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Review: Where the Crawdads Sing, by Delia Owens
Putnam, 2018. 368 pp. $28

Six-year-old Kya doesn’t know her real name is Catherine, nor has she ever been to school. All she knows is the South Carolina marsh where she lives with several siblings, a drunken, violent father, and a much put-upon mother. But in summer 1952, Ma walks out, after which Kya’s brothers and sisters follow. Little Kya has to raise herself, essentially, because her father’s often absent on a bender, which can be a blessing. Her only friends are wild creatures, whose habits she comes to know intimately; her greatest, sole pleasure.

You see the wild creatures she loves, rendered with insight and deep feeling:

A great blue heron is the color of gray mist reflecting in blue water. And like the mist, she can fade into the backdrop, all of her disappearing except the concentric circles of her lock-and-load eyes. She is a patient, solitary hunter, standing alone as long as it takes her to snatch her prey. Or, eyeing her catch, she will stride forward one slow step at a time, like a predacious bridesmaid. And yet, on rare occasions she hunts on the wing, darting and diving sharply, swordlike beak in the lead.

Kya herself might answer to this description, especially that of the “patient, solitary hunter.” The vivid portrait of nature in a place nobody else wants, whose human inhabitants the inlanders consider trash, provides a superb background. And the tale of how this girl grows up by her own wits (and kindness of strangers), terrified of just about everybody and everything except the marsh, makes remarkable reading.

However, Where the Crawdads Sing doesn’t settle for the unusual coming-of-age story, and therein rests its greatest shortcoming. Jumping ahead to 1969, as many of these short chapters do, there’s a mystery as well. A former high school quarterback, the town Lothario, is found dead in the marsh. You guess right away that the police, utterly incompetent and desperate to find a murderer (they refuse to accept that such a demigod could have died accidentally), will home in on the Marsh Girl, what the locals call her. She’s reputed savage, lustful, and depraved, the townsfolk’s way saying that she’s different from them, therefore expendable.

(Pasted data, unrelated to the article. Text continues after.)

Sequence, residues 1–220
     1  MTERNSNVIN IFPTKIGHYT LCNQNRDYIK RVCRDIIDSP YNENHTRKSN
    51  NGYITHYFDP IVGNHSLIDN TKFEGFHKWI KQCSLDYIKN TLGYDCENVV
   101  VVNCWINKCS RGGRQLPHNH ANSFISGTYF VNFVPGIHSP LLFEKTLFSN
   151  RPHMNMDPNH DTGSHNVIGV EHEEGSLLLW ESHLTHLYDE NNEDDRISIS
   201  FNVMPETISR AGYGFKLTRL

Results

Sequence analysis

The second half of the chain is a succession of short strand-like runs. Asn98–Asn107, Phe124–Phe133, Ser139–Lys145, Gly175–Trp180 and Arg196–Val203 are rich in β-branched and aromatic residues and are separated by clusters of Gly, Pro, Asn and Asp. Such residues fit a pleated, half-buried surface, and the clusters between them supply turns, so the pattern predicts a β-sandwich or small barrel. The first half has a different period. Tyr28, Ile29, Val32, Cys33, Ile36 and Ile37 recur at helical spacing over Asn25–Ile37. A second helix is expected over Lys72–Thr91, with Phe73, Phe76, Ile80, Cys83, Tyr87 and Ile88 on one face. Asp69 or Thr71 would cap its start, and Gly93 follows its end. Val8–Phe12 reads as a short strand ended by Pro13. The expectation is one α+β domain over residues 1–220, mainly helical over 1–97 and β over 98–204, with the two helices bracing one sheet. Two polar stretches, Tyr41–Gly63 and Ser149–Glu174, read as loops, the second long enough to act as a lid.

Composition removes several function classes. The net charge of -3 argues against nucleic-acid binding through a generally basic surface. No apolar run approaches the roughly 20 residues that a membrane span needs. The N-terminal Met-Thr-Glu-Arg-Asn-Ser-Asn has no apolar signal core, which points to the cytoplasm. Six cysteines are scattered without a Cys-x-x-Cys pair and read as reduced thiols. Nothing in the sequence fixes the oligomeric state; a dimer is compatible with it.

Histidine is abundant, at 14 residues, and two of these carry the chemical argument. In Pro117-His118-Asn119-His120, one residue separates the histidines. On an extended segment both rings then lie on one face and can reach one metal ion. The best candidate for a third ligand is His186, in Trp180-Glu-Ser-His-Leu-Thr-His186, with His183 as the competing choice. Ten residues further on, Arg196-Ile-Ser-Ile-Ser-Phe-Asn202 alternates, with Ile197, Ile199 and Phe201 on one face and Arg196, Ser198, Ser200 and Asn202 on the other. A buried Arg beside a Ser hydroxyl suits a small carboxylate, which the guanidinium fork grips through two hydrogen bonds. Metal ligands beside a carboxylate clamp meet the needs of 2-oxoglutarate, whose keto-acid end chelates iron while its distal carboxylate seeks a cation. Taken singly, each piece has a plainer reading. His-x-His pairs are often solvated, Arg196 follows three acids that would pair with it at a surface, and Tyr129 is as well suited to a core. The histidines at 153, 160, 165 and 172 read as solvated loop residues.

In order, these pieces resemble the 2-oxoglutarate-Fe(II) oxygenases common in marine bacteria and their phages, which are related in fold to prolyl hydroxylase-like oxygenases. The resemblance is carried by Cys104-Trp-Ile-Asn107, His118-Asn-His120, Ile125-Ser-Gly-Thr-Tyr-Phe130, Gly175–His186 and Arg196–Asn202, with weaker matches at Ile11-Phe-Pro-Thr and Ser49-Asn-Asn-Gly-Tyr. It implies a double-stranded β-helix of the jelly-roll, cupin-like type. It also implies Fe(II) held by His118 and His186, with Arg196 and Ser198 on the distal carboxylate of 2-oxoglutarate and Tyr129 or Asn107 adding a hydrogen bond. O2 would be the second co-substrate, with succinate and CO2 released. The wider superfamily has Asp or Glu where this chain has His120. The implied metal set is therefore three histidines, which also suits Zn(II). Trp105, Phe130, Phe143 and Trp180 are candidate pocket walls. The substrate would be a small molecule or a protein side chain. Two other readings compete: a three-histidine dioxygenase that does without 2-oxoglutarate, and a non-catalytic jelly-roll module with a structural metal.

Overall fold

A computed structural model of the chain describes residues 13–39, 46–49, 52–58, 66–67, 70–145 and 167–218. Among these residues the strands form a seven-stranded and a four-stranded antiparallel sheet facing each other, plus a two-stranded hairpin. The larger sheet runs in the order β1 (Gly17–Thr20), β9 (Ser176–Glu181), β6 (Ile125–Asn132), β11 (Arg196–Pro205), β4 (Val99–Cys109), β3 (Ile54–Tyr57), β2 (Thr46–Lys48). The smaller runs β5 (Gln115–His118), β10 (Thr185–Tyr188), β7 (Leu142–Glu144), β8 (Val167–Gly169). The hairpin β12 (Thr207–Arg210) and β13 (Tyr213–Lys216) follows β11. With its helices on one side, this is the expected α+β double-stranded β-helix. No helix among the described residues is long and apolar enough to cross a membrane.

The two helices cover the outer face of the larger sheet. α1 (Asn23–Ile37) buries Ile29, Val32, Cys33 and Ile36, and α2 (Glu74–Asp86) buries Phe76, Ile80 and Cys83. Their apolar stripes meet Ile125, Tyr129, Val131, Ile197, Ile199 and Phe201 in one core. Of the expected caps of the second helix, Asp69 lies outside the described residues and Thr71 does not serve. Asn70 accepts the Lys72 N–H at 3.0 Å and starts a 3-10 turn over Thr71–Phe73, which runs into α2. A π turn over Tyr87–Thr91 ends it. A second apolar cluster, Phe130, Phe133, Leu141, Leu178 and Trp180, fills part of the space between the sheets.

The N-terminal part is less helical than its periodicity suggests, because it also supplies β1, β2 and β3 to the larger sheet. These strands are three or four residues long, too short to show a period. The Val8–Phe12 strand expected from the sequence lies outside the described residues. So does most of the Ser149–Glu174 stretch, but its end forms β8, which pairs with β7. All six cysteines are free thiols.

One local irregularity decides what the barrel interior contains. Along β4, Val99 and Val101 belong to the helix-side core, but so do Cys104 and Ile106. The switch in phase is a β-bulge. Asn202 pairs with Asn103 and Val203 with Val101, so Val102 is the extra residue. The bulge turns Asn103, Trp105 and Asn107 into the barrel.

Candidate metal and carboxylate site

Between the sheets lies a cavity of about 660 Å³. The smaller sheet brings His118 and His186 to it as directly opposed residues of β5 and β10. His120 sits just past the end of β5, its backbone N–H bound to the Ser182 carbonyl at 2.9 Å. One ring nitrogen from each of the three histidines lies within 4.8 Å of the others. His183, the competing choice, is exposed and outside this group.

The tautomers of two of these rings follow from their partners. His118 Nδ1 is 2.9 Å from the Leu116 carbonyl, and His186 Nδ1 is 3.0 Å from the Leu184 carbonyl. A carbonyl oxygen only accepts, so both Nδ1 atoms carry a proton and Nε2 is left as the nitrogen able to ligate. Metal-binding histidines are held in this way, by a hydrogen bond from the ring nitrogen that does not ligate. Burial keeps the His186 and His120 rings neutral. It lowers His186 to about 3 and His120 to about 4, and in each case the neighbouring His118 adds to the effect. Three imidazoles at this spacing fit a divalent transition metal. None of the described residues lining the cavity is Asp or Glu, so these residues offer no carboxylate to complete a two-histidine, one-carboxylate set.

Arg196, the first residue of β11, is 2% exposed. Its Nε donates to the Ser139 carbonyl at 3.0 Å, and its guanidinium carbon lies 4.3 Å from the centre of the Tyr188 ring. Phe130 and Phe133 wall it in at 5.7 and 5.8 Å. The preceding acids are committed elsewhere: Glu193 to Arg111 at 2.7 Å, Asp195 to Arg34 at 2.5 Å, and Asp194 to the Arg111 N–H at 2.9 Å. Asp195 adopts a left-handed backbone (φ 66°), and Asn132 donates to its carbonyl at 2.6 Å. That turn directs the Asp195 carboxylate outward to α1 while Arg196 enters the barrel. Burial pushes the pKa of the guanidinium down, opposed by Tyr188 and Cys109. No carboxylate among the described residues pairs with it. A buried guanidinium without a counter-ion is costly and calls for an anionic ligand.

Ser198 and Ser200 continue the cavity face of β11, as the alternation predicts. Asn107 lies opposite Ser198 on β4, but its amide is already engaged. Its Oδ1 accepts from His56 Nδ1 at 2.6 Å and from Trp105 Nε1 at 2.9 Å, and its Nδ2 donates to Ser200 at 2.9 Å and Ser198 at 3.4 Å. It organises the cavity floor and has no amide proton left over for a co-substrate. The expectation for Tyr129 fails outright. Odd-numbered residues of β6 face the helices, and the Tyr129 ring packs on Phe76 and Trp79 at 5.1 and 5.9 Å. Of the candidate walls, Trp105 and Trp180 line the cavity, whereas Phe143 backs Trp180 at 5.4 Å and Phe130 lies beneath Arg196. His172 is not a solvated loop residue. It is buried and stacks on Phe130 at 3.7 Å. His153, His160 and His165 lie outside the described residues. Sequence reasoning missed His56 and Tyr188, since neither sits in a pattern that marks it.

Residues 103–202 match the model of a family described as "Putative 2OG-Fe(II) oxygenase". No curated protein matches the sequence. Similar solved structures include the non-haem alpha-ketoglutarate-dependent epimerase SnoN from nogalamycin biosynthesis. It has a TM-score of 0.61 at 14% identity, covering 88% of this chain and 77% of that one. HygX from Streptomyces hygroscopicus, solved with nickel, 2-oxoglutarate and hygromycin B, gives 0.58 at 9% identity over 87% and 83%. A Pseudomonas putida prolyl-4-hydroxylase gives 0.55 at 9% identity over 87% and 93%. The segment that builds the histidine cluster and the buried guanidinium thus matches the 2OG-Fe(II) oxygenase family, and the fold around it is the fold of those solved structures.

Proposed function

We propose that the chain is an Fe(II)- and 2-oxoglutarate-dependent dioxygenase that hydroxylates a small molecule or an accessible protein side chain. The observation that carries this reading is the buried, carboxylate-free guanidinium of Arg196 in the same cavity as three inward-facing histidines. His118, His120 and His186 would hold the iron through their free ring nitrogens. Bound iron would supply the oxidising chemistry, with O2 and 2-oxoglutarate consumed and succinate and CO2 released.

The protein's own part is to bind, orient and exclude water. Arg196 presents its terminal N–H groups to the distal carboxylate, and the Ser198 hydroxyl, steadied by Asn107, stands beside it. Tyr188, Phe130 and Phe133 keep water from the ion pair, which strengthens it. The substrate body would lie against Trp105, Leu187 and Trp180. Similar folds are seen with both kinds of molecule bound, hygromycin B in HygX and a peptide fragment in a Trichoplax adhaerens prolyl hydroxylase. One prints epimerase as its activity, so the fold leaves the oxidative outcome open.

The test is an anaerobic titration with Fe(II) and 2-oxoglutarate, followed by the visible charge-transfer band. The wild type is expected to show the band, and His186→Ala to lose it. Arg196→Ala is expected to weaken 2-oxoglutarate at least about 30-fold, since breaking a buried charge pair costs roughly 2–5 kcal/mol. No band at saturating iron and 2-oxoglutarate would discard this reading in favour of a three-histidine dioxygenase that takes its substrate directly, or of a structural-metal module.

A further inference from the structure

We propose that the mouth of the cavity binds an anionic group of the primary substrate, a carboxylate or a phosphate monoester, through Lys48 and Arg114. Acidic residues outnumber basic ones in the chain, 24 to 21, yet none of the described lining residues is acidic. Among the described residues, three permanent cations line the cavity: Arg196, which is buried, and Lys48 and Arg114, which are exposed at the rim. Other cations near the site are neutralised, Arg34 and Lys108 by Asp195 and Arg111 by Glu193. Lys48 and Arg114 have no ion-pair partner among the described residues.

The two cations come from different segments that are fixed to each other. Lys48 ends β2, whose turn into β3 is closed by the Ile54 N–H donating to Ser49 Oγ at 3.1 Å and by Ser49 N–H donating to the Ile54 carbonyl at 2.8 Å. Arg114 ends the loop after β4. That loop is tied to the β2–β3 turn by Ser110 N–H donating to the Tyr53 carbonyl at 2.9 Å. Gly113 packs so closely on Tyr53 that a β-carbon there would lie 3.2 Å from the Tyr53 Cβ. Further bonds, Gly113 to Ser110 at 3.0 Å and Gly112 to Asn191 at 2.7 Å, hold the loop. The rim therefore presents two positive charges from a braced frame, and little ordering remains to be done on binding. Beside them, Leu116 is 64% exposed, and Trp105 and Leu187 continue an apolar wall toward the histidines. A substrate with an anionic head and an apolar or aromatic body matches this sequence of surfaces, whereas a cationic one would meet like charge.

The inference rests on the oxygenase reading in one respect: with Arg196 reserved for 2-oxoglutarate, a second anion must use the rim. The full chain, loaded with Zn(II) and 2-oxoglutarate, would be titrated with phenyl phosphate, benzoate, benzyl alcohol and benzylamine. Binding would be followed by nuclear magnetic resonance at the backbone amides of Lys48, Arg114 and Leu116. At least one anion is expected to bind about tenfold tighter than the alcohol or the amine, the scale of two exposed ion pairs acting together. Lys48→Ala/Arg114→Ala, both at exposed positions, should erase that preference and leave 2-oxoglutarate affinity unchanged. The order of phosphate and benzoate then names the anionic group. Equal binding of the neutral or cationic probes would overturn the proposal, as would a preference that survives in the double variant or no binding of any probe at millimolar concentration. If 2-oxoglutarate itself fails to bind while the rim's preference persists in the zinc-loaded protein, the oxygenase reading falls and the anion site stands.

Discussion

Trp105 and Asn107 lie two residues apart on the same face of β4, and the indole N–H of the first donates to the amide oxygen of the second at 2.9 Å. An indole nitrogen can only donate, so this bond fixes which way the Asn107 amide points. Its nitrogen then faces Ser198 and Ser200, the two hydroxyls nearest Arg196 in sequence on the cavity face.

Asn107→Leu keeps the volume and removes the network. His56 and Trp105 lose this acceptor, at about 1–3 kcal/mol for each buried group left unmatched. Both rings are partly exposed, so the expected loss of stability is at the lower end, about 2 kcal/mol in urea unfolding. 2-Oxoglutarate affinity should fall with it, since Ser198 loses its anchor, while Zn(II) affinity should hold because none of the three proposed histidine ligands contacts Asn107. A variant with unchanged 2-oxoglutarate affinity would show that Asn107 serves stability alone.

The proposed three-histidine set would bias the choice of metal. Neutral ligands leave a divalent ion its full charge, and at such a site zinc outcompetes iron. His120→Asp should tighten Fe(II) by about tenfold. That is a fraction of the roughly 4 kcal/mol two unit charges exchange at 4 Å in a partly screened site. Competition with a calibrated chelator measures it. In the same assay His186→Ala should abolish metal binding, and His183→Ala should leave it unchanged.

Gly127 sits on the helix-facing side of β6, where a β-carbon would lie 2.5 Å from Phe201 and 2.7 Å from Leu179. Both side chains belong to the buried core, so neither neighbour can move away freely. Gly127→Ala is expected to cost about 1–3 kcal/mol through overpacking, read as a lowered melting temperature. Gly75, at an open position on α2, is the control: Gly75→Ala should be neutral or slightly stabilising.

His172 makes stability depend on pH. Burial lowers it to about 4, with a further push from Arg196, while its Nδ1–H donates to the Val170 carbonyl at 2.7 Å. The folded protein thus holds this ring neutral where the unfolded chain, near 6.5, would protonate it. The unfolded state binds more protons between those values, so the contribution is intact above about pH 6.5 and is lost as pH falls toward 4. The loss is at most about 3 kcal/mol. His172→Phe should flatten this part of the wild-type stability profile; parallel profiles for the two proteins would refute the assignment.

The All-Star Bowling Alley, Orangeburg, South Carolina, pictured in 2015. In February 1968, police opened fire on Black students protesting the alley’s segregation policy at the time. Three students were killed and dozens injured. (Courtesy Ammodramus, via Wikimedia Commons; public domain)

Granted, the southern-justice narrative provides an instantly recognizable means to raise the stakes. But Owens introduces the death in a prologue and keeps the police procedure front and center, as if the mind-boggling story of a little girl in a marsh weren’t enough. As years pass, there’s also a tender romance with a young man who accepts Kya as she is. I’d have thought all that sufficient and quite lovely, so I ask why we need the mystery. I will say that the murder investigation allows Owens to expound, sometimes cogently, on mating habits and the genetics of survival, linking her protagonist’s story to evolution, a clever conceit.

But much of the novel feels contrived. I never sense that Kya, who undergoes great hardship and takes brutal, yet often predictable, knocks, is ever really in danger. Terrible things happen, but just as the marsh protects her from outsiders who don’t know its waterways or approaches, the narrative cocoons her, in a way.

Start with how a child grows to her twenties in perfect health, without ever having seen a doctor or dentist. But if that sounds like nitpicking, consider the split time frame, which puts you in 1969 right away, undermining the tensions of 1952 and the immediate years afterward. Also, the kind strangers often appear at just the right moment, sometimes bearing a bounty too good to be true. After a while, I get the idea that whatever trouble comes her way, luck will favor her.

Further, Kya’s voice goes all over the map, which jars me and pulls me out of the story. Owens seems eager to get to the age where Kya speaks and thinks like an autodidact biologist offering thoughtful commentary about evolution (itself a stretch), rather than stay with the bewildered, frightened child who doesn’t know where her next meal is coming from, or how to prepare it. Since I want to hear the child and don’t always believe the self-trained scientist, the struggle between the voices is very distracting, especially when one intrudes on the other. The paragraph quoted above, about the heron, supplies an example; Kya wouldn’t know what “concentric circles” means, let alone “bridesmaid” or “lock-and-load.” So who’s watching the heron?

Finally, the year 1969 witnessed turmoil and great events, but I don’t recognize them here, or little about the Sixties, for that matter. The Vietnam War barely makes an appearance, and though Jim Crow seeps around the edges, it’s as if Martin Luther King and the civil rights movement had gone unheard of in South Carolina. Moon landing? Nary a mention, even among the inlanders.

Despite a terrific premise and beautiful prose, Where the Crawdads Sing is one of those novels that would have appealed to me more had the author crammed less in it.

Disclaimer: I obtained my reading copy of this book from the public library.